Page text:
Adapting to a change in a business model has many hurdles. Mentally preparing to do it might be the biggest hurdle of them all.
Change. It is a word that elicits both excitement and fear. Whether it is regulations from a new administration, a company reorganization, implementing new technology, or a new business model, it impacts your business. How you cross the chasm from where you are to where you want to be says a lot about your leadership.
“They always say time changes things, but you actually have to change them yourself.”― Andy Warhol
The Coronavirus has forced many businesses to the edge of change. Whether they wanted to or not. But, what is involved in the actual process of changing? How can you be better prepared to make changes to your business model, especially in the Life Sciences where it is often slow and methodical. What is the best way to establish formal governance roles and responsibilities? How can you achieve the organization’s vision with clear escalation paths? These are all excellent questions.
Other industries can be good indicators change is coming.
Other industries can be a great indicator of changes on the horizon. For example, during the pandemic, businesses were forced to either allow people to telework or navigate the various government shutdowns. According to a recent Gallup study, the number of people teleworking ballooned from a scant 3.4% before COVID to roughly 44% once the pandemic hit and government restrictions set in. And, that was a fairly simple decision. The pandemic demanded the subject be addressed. However, those same businesses face the more daunting task of deciding how to move forward as the country and the world adjust to life after the pandemic.
How other industries proceed with their workforce impacts Life Sciences. They will dictate the new “social norm.” This new norm impacts everything from the flow of money to the size and shape of the hiring pool. Some leaders already announced plans to go back to 100% on-site work, while others are considering permanent teleworking plans. How these all pan out dictate the future for all industries.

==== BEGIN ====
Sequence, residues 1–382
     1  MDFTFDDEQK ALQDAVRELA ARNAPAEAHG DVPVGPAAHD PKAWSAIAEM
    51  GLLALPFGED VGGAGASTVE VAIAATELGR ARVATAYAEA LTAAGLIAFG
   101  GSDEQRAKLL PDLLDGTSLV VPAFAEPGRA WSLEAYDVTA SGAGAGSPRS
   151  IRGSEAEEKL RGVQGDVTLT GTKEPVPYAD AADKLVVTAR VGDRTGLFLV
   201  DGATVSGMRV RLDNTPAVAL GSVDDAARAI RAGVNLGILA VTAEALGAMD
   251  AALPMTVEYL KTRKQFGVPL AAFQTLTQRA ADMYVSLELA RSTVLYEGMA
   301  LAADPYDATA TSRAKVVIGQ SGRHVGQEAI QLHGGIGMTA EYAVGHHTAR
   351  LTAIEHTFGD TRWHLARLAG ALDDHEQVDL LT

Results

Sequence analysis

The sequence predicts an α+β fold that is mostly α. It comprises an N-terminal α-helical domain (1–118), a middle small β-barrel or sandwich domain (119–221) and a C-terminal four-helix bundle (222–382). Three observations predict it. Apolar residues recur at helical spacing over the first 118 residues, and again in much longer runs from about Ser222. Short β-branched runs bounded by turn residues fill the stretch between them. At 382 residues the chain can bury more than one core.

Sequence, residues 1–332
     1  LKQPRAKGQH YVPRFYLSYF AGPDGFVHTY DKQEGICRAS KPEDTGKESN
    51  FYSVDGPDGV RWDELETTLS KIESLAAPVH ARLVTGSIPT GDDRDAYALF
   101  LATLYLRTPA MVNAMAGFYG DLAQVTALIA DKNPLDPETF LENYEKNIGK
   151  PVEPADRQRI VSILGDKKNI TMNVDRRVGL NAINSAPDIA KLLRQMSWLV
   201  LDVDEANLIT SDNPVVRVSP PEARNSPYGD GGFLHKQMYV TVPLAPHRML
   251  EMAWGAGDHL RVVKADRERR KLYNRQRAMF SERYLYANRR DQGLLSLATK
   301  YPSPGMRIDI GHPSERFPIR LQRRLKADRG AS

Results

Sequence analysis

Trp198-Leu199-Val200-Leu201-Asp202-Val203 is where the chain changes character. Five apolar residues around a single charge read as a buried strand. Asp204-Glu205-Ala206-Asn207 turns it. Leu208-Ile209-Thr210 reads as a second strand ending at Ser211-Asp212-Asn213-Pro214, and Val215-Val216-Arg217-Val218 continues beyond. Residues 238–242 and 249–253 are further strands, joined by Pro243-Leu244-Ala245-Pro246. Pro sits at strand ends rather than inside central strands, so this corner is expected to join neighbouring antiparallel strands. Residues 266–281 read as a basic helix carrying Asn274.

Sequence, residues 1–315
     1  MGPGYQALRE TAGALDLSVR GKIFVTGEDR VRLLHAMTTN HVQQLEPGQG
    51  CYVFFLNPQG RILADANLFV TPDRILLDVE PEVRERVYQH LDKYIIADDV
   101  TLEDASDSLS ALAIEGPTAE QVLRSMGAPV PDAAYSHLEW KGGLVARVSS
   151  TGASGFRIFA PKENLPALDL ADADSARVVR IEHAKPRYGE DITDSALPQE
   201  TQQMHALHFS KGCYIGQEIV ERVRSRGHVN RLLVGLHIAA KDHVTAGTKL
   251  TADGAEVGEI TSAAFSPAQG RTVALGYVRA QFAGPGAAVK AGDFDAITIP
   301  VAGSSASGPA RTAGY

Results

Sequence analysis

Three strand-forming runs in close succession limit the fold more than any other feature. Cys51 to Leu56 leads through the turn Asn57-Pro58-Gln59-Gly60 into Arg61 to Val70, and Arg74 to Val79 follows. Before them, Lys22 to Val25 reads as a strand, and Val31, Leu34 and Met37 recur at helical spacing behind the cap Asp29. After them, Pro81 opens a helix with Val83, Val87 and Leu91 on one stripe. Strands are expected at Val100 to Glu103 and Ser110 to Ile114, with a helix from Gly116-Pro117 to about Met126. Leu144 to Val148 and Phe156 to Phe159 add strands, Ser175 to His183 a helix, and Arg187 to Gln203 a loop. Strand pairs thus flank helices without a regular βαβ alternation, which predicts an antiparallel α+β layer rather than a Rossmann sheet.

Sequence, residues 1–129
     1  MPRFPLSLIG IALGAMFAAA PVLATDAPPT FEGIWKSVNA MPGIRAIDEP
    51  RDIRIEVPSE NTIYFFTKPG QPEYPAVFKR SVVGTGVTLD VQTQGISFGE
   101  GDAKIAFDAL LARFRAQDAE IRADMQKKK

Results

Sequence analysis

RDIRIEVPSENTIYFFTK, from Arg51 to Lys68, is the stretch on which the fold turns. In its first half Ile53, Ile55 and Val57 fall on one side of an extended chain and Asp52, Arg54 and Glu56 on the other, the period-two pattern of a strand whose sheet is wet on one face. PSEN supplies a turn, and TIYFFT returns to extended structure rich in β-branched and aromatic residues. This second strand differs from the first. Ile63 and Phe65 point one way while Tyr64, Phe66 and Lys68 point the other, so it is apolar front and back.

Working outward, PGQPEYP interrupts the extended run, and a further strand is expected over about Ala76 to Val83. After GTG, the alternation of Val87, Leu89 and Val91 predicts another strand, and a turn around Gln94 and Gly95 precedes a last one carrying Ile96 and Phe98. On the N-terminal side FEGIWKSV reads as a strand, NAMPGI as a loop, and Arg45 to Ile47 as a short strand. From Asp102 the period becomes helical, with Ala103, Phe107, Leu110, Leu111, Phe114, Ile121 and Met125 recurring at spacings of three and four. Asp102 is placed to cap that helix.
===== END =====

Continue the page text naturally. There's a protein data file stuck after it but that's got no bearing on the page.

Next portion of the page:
“Digital disruption has reached the healthcare sector, and with it comes an imperative for life-science companies to retool core technology to remain competitive.” McKinsey & Company, “The technology imperative for life sciences” January 30, 2020
Technology is business’ driving force.
Let’s be honest. Technology has been steering us for some time now. Since the invention of the internet, the dilemma we now face was inevitable. Disruptive events such as new regulatory requirements, competition, declining margins, or a pandemic can be mitigated with technology. Furthermore, technology allows people to virtually work from anywhere in so many fields. The flexibility of your QMS compresses both the speed at which you can react to these changing circumstances as well as the effectiveness of your reaction. Technology can connect your ecosystem’s silos and predict coming events based on secure and relevant data. In fact a study, done by VMWare, found that 87% of CIOs believe digitally empowering their employees can drive at least 5% additional revenue growth over three years.